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Outpatient Surgery (cont.)

Special Cases: Outpatient Surgery for Children

For parents or caregivers, surgery performed on their children is much more stressful than if they were having surgery performed on themselves. In these instances, speaking to the anesthesiologist regarding the anesthetic plan is even more important. Children benefit significantly from surgery in the outpatient setting because it decreases separation from their family and the home.

  • A parent or other responsible adult must accompany all children.
  • Many surgery centers sedate a child in the waiting room to help with anxiety.
  • A parent may be invited into the operating room with the child for the first part of anesthesia to comfort the child in this strange environment. If a parent is unable to do this, someone else might be available to assist if possible. If invited into the operating room, the parent must remain calm to keep from alarming the child.
  • Children often inhale anesthetic gases as they go to sleep. Every child is different. Some go to sleep quietly, and others cry and try to fight the anesthesia.
  • Once the child is asleep, doctors insert an IV and begin the surgical procedure.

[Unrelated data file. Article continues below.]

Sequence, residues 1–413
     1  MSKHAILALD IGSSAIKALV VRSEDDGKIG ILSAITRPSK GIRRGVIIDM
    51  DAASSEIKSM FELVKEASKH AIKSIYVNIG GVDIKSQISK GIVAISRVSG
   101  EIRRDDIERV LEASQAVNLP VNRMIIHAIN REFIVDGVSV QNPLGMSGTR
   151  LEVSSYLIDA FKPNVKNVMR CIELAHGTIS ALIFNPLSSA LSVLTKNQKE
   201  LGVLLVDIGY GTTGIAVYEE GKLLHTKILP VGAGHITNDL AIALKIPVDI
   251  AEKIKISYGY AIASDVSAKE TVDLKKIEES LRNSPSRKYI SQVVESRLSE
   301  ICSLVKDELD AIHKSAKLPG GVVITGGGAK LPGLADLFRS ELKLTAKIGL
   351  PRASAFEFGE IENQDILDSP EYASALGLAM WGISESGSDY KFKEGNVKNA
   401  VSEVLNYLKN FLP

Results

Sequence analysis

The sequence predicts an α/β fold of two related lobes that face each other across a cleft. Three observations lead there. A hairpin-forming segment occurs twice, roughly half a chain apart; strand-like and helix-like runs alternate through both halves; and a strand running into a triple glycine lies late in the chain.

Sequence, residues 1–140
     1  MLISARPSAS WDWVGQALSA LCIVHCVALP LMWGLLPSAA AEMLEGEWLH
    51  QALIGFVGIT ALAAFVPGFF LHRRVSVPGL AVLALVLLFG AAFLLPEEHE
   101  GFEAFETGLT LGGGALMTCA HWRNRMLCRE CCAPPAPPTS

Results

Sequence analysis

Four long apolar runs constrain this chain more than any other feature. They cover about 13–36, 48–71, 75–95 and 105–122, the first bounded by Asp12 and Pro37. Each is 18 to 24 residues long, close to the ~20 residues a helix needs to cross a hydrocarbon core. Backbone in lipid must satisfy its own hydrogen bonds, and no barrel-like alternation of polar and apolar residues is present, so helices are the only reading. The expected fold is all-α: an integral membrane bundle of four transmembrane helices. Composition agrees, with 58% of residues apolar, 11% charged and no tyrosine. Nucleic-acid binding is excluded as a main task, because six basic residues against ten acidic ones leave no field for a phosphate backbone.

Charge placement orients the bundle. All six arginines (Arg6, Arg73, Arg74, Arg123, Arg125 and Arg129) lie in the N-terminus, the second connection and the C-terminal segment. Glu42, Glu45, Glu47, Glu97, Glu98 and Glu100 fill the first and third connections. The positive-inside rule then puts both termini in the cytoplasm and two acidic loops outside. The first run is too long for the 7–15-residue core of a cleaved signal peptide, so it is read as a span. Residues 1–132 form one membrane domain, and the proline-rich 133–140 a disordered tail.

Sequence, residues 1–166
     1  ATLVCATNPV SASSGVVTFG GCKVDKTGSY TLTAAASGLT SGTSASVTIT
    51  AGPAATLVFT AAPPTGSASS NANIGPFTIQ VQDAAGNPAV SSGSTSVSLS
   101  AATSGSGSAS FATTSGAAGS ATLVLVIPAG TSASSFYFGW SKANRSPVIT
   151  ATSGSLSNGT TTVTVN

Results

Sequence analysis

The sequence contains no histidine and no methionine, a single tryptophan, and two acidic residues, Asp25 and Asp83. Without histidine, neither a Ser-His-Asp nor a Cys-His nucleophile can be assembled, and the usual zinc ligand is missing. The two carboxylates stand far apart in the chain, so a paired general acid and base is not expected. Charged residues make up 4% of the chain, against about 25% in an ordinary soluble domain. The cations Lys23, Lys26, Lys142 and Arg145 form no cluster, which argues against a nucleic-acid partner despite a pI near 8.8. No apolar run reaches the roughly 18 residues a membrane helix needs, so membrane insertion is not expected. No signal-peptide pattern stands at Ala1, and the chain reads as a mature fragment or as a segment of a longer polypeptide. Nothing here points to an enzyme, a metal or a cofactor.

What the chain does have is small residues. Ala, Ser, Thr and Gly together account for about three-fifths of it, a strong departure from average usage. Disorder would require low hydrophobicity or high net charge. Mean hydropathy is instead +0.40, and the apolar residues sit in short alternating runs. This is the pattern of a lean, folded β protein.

• The adult is reunited with the child early in the recovery period to provide comfort and added security—for both of them. Children must also meet discharge criteria before they can be sent home.

Outpatient Surgery Problems

Outpatient surgery is very safe, with a low frequency of complications. However, potential risks and complications are associated with any surgical procedure, no matter how minor. Some risks are related to the surgery, and other risks are related to the anesthesia. The most frequent complications include nausea and vomiting, sore throat, and discomfort at the surgical site.

Although more serious complications are rare, heart attack, stroke, excessive bleeding, and even death have occurred in the outpatient setting. Some people may require hospital admission following surgery. The doctor should be alerted as soon as possible if a problem is suspected after a person is discharged from the outpatient center. The earlier the doctor is aware of a potential problem, the sooner appropriate treatment can be started to avert any long-term effects.

For More Information on Outpatient Surgery

American Association of Ambulatory Surgery Centers PO Box 5271
Johnson City, TN 37602-5271
(423) 915-1001

Federated Ambulatory Surgery Association
700 North Fairfax Street, #306
Alexandria, VA 22314
(703) 836-8808

Medically reviewed by John A. Daller, MD; American Board of Surgery with subspecialty certification in surgical critical care

REFERENCES:

1. Bready L, Mullins R. Decision Making in Anesthesiology. Vol 3. Mosby-Year Book; 1999.
2. Miller RD, Reves JG, Miller ED Jr, Cucchiara R. Anesthesia. 5th ed. Churchill-Livingstone; 2000.
3. Stoelting RD, Dierdorf SF. Anesthesia and Co-existing Disease. 3rd ed. Churchill-Livingstone; 1993.
4. Stoelting RD, Miller RD. Basics of Anesthesia. 3rd ed. Churchill-Livingstone; 1994.
5. Stoelting RK. Pharmacology and Physiology in Anesthetic Practice. 3rd ed. Lippincott Williams & Wilkins; 1999.


Medically Reviewed by a Doctor on 1/8/2016
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